PayPal’s take on Aussie m-commerce

Published on the 05/10/2018 | Written by Jonathan Cotton

Paypal review Aussie m-commerce

New research finds a significant gap between customer demand and mobile payment readiness…

Though mobiles have become an essential tool for Australians in everyday life, business is yet to meet the market according to the PayPal m-commerce Index: Annual Report September 2018, the latest in the company’s annual reviews of the state of mobile commerce in Australia.

“As consumer dependency on technology accelerates, so too do expectations of mobile experiences,” warns Libby Roy, PayPal Australia MD.

“Our research found that nearly half of Australians are annoyed when a site doesn’t work well on a mobile and almost a third of mobile shoppers have abandoned a purchase due to lack of mobile-optimisation or because of security concerns.”

It’s a strange state of affairs, especially given that smartphone ownership and use is close to ubiquitous in Australia, with nine-in-ten Australians (over the age of 12) owning one. According to the report four out of five Australians use their mobile device to access the internet at least daily, with mobile – as a sales channel – growing everyday. Currently 25 percent of online sales in Australia are made via mobile, a 32 percent increase on 2017.

But the gap between expectation and reality is real.

“There’s a continued disconnect between consumer experience and business understanding of mobile shoppers’ pain points,” says the report.

“Mobile shoppers listed slow page loading as their top pain point (38 percent). In comparison, only 23 percent of businesses recognised slow loading times as an issue. Likewise, twice the number of consumers (20 percent) cited check-out problems as a pain-point when compared to businesses (10 percent).

“Understanding the real issues consumers face will help businesses build better websites for mobile commerce.”

As mentioned above, mobile shoppers will abandon purchases if there are trust issues with a website, with 29 percent saying they actually have abandoned a purchase because of security concerns. The biggest reason for cart abandonment however is when mobile purchases are too difficult or take too long. Forty-three percent of shoppers say they will abandon a purchase under such circumstances.

“With high ongoing consumer use of m-commerce, we’re seeing increased expectations for mobile-first experiences,” says Roy. “The challenge for Australian businesses is to understand evolving consumer needs and adapt their strategies for increasingly mobile-first consumers.”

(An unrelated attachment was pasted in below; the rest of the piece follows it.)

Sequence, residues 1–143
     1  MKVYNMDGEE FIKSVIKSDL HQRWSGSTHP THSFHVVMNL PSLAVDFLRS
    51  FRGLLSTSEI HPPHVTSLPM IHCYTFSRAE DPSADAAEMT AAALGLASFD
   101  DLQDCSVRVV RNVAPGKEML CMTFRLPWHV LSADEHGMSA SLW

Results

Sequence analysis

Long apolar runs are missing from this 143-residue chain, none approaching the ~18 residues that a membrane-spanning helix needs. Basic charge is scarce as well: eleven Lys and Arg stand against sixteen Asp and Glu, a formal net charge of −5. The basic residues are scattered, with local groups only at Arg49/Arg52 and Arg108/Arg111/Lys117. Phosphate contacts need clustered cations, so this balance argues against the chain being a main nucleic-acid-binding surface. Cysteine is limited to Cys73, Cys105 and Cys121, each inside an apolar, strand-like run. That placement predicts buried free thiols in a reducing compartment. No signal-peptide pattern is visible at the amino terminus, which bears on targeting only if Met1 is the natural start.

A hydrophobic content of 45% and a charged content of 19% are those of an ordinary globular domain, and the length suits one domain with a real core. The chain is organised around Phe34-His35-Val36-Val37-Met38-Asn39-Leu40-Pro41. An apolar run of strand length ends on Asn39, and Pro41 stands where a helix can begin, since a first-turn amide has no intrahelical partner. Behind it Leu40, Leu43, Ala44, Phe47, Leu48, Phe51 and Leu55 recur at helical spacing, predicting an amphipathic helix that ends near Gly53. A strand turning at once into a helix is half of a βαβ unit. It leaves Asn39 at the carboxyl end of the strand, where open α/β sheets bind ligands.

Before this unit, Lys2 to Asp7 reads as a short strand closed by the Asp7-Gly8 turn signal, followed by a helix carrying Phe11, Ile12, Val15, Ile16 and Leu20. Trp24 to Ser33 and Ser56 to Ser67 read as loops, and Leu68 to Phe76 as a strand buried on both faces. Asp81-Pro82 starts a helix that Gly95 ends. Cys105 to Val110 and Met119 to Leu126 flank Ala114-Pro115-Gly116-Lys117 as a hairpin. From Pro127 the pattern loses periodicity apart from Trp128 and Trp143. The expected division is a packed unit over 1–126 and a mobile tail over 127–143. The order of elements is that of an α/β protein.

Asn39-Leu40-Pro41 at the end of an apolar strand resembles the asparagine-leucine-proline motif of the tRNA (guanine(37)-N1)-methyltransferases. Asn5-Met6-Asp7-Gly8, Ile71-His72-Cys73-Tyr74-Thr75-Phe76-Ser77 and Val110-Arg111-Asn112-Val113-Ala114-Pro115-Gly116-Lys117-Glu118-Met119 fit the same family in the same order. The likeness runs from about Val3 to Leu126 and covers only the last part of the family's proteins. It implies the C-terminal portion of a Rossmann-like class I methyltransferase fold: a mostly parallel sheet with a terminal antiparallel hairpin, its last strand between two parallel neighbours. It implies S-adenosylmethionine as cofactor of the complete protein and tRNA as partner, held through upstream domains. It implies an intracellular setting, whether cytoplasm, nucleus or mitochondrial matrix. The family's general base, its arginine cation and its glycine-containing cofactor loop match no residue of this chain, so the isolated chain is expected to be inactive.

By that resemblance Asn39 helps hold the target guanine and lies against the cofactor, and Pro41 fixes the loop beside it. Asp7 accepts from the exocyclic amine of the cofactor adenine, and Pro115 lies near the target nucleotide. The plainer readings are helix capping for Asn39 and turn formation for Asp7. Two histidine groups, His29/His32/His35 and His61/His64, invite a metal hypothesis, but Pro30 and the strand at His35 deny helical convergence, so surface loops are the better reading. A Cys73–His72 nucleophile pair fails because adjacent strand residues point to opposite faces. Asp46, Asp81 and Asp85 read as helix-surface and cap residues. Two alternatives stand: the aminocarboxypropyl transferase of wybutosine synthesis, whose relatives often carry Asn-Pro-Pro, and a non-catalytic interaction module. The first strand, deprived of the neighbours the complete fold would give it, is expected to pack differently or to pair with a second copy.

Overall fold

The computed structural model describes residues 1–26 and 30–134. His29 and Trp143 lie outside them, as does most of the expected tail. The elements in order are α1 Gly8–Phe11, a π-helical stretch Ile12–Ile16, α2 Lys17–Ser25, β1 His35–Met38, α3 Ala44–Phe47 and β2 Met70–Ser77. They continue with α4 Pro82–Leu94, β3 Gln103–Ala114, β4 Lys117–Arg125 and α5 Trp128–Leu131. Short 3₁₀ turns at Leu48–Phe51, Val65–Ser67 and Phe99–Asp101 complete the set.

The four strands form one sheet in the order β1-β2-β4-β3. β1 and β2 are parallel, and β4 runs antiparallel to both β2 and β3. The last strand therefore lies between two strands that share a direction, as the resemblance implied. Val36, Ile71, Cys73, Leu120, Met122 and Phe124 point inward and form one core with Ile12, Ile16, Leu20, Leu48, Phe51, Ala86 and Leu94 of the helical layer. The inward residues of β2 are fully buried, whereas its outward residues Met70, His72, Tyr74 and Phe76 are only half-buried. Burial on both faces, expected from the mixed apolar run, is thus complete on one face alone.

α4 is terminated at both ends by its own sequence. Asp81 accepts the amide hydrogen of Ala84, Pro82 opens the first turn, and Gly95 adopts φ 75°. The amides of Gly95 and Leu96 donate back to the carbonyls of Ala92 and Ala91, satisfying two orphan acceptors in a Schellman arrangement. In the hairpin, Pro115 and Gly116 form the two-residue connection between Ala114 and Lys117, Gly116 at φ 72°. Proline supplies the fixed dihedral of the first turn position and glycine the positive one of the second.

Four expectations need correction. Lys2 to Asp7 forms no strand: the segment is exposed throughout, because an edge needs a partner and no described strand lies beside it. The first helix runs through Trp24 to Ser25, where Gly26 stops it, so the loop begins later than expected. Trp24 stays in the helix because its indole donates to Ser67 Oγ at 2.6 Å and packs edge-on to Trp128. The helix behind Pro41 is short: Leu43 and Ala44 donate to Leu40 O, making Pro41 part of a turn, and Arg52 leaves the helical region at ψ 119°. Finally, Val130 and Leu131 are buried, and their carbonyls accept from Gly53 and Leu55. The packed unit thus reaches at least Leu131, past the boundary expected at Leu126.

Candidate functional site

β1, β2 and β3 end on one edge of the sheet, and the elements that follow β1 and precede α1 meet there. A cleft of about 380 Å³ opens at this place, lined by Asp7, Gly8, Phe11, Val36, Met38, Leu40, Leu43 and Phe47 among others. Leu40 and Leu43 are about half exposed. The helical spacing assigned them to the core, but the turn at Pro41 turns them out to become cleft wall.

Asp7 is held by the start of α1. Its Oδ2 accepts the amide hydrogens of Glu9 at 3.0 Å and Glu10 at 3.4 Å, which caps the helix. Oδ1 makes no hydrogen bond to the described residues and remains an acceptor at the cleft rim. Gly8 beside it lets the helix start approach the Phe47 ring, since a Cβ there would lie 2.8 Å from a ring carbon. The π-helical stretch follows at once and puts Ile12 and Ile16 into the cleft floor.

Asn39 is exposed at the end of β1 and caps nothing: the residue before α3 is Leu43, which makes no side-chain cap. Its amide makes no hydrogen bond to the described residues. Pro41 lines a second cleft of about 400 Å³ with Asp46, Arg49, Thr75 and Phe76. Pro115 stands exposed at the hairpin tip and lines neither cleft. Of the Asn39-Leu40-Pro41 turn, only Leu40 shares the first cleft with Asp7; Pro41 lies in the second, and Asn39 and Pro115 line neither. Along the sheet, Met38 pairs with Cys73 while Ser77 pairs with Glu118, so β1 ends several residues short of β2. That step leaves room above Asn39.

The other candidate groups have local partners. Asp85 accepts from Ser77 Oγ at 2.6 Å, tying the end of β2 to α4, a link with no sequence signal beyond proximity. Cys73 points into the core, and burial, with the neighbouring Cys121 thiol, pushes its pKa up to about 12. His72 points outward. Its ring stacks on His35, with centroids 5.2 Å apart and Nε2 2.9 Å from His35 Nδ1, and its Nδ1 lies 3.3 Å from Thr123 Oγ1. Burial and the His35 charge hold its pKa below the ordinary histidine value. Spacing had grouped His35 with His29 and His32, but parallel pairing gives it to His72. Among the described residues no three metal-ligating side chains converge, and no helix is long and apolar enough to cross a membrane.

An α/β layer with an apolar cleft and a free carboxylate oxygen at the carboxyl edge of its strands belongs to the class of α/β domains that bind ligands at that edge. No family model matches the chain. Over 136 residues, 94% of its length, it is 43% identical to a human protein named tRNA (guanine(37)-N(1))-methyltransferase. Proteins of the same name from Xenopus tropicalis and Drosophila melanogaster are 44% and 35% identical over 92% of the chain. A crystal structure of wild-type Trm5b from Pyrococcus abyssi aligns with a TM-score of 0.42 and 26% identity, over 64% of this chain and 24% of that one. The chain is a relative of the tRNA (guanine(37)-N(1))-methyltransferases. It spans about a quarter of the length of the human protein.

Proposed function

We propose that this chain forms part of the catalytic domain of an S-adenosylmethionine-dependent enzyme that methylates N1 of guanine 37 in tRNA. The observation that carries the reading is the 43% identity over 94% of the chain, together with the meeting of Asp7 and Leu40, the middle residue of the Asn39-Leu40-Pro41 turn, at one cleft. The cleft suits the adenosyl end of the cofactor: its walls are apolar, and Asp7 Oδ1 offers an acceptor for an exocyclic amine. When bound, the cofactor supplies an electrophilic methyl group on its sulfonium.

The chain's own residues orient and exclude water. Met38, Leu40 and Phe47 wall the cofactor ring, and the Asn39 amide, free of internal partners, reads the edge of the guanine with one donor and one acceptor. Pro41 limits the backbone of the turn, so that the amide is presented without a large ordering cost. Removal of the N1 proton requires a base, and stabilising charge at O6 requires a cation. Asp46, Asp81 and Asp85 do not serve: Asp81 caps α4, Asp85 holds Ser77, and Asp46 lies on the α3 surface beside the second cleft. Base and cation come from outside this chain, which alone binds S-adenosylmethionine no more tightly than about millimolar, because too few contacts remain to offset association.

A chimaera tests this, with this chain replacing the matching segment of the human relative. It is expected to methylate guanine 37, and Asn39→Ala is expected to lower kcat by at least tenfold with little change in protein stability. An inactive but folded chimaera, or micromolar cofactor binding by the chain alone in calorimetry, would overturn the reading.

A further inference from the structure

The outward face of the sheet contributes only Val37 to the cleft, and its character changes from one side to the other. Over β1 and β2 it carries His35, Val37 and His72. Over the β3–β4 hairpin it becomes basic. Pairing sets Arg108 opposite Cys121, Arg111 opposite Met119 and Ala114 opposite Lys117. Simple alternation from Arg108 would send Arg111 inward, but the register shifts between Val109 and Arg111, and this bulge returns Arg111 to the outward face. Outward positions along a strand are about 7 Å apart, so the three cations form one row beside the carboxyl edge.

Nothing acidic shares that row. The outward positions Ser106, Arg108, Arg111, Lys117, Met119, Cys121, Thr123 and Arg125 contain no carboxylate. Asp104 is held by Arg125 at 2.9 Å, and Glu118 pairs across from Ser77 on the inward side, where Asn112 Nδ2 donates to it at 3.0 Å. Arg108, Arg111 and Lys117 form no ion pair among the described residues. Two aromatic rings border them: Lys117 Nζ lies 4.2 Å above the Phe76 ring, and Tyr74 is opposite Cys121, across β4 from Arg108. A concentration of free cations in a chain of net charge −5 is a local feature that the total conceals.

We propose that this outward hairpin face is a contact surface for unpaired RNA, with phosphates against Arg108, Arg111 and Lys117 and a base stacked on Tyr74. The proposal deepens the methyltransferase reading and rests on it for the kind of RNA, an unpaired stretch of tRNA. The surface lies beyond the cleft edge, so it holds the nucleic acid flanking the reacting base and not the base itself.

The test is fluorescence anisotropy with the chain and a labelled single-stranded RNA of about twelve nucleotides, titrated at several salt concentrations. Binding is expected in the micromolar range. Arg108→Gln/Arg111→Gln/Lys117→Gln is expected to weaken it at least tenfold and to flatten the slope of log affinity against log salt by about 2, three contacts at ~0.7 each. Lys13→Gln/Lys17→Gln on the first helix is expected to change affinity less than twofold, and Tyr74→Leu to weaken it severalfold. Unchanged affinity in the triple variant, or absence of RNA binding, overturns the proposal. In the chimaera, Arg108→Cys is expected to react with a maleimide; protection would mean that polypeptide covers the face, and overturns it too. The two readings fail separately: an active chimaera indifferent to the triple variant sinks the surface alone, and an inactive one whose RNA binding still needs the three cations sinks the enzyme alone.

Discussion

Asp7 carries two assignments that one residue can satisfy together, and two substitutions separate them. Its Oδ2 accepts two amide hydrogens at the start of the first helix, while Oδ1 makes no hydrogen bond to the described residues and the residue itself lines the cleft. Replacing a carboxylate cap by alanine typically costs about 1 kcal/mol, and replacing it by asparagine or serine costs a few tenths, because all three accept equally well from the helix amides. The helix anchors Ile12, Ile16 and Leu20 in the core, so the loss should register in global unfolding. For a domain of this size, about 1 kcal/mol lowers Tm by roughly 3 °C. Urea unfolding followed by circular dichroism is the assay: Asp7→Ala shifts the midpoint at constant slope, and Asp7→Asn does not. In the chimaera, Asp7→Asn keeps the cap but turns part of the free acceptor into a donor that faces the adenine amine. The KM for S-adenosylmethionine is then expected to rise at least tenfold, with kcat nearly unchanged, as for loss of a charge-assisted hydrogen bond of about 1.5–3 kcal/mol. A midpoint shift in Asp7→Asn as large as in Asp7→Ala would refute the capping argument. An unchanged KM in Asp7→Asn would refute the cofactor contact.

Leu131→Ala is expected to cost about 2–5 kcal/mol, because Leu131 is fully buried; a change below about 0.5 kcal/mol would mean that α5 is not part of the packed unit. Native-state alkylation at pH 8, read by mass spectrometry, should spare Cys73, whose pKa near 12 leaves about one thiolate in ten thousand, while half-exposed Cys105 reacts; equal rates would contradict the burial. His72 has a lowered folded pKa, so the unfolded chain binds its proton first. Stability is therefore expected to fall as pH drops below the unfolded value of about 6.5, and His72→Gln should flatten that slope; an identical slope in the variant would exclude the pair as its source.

So we know the problems – but where are the opportunities?

PayPal notes that the rise subscription services is paying off for some, with 86 percent of businesses reporting that revenue increased after implementing a subscription service. One-in-three of those say revenue increased over 30 percent.

While movies, music and software do dominate, accounting for the top three most-subscribed categories, subscription categories are growing to include beauty and skincare, food and clothing. Currently only 11 percent of Australian businesses offer a subscription model, however, a further 14 percent say they plan to implement just such a service at some point over the next 12 months.

“While subscription services are most popular with younger shoppers, adoption is strong across all demographics and the popularity of these ‘set and forget’ services are paying off for businesses,” says Roy.

“Despite strong uptake of subscription services, our research found that only one-in-ten Australian businesses currently offers subscriptions, revealing an opportunity for businesses looking to improve customer loyalty and maintain a recurring revenue stream”.

But the real money is in marketplaces, says the report.

“Nearly nine-in-ten smartphone users (89 percent) are shopping on online market places, with half saying they do so at least once a month. In fact, marketplaces have become a top destination for Australian shoppers to browse for products when they have a purchase in mind (48 percent), trumping search engines (43 percent) and online retail stores (29 percent).”

And to that fact at least, the market is responding. Two-in-five Australian businesses are currently selling on marketplace platforms – 16 percent exclusively so.

Finally, an interesting aside: Despite Amazon’s dramatic the entrance into the market last year, the global shopping giant continues to trail significantly behind eBay in Australia. eBay remains the most popular marketplace for Australian consumers, with 79 percent saying they use the global auction giant regularly. Amazon trails with just 40 percent, with Etsy and Alibaba bringing up the rear at 17 and nine percent respectively.

Read the PayPal m-commerce Index: Annual Report September 2018 here.


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